World’s first double hand transplant on child carried in US

The world’s first double hand transplant on a child has been successfully carried out in an eight-year-old boy in the US, after a groundbreaking 10-hour surgery.

Earlier this month, a surgical team transplanted donor hands and forearms onto Zion Harvey who, several years earlier, had undergone amputation of his hands and feet and a kidney transplant following a serious infection.

“This surgery was the result of years of training, followed by months of planning and preparation by a remarkable team,” said Scott Levin, Director of the Hand Transplantation Programme at The Children’s Hospital of Philadelphia (CHOP), who led a 40-member multidisciplinary team of physicians, nurses and other staff.

Through a coordinated effort between Shriners Hospitals for Children and CHOP, Zion was evaluated as a possible recipient of the first paediatric hand transplant.

“The collaborative effort between these institutions was necessary to assemble the team and organise the players to orchestrate such a complex and demanding procedure that had never been performed on a child,” said Scott H Kozin, chief of staff for Shriners Hospitals for Children – Philadelphia.

Before the surgery could be conducted, it was first necessary to locate a suitable donor, a function coordinated by Gift of Life Donor Programme, the nonprofit organ and tissue donor programme.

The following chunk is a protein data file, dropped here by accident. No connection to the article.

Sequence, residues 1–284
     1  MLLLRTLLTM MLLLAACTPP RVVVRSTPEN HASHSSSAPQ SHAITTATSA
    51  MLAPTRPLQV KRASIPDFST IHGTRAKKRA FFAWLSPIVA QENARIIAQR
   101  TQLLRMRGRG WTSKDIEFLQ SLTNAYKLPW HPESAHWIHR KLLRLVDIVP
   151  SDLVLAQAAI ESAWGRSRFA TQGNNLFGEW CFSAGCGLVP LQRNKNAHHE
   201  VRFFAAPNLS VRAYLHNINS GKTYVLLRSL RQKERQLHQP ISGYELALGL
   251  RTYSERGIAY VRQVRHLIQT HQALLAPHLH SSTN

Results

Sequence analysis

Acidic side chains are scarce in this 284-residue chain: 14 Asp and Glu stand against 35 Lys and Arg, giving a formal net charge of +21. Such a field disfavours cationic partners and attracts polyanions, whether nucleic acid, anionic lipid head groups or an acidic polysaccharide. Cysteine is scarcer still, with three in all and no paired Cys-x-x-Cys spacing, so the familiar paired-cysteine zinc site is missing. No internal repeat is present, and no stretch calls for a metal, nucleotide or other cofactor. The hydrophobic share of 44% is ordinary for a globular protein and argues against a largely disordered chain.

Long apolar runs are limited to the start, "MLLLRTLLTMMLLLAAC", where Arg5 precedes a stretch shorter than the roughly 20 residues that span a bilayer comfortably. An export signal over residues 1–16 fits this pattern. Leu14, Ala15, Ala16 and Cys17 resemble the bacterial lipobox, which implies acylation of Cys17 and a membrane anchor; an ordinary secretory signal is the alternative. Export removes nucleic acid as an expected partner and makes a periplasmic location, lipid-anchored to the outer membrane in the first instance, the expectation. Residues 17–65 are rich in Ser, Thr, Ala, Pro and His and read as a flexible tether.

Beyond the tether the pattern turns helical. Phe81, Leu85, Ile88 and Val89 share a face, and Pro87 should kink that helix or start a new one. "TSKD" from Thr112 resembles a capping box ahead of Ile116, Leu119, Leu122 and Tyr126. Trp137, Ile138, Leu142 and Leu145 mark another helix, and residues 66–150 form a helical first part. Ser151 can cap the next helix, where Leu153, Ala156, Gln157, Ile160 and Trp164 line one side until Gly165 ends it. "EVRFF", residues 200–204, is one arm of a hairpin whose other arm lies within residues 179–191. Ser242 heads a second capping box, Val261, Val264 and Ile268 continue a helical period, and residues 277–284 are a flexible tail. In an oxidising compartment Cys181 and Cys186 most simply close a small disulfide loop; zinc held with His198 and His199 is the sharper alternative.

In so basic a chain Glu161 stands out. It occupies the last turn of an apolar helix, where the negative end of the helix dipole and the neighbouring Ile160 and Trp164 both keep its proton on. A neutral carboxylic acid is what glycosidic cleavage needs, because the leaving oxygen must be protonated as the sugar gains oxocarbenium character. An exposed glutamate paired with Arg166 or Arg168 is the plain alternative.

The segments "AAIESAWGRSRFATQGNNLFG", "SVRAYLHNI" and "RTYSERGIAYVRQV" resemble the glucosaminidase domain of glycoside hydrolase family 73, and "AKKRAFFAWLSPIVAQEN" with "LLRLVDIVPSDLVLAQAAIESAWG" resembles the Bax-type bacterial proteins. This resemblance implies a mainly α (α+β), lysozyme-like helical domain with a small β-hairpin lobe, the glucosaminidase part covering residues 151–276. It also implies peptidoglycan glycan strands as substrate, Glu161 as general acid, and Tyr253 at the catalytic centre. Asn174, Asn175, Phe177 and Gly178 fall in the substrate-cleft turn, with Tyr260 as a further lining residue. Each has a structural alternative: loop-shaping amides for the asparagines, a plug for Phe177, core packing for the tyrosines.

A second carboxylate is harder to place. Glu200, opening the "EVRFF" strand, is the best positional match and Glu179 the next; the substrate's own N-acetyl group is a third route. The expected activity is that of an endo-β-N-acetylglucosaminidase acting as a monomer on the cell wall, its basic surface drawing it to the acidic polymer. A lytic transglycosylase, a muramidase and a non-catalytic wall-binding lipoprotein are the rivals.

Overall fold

Following his latest surgery and after his upcoming rehabilitation, it is expected that Zion will finally get his wish to throw a football along with a myriad of other accomplishments to come.

Double hand transplantation is a complex procedure involving many surgical and non-surgical components. First, the potential recipient must undergo extensive medical screenings and evaluations before surgery.

In this case, the patient’s previous medical condition, following sepsis at an early age, factored into the decision to perform the transplant.

“Zion’s kidney transplant following his infection made him a candidate for transplant because he was already taking anti-rejection medication,” said Benjamin Chang, co-director of CHOP’s Hand Transplant Programme as well as associate chief of the Division of Plastic Surgery at Penn Medicine.

During the surgery, the hands and forearms from the donor were attached by connecting bone, blood vessels, nerves, muscles, tendons and skin.

First, the forearm bones, the radius and ulna, were connected with steel plates and screws. Next, microvascular surgical techniques were used to connect the arteries and veins.

Once blood flow was established through the reconnected blood vessels, surgeons individually repaired and rejoined each muscle and tendon. Surgeons then reattached nerves and then closed the surgical sites.

Zion continues to receive daily immunosuppressant medications to prevent his body from rejecting the new limbs, as well as his transplanted kidney.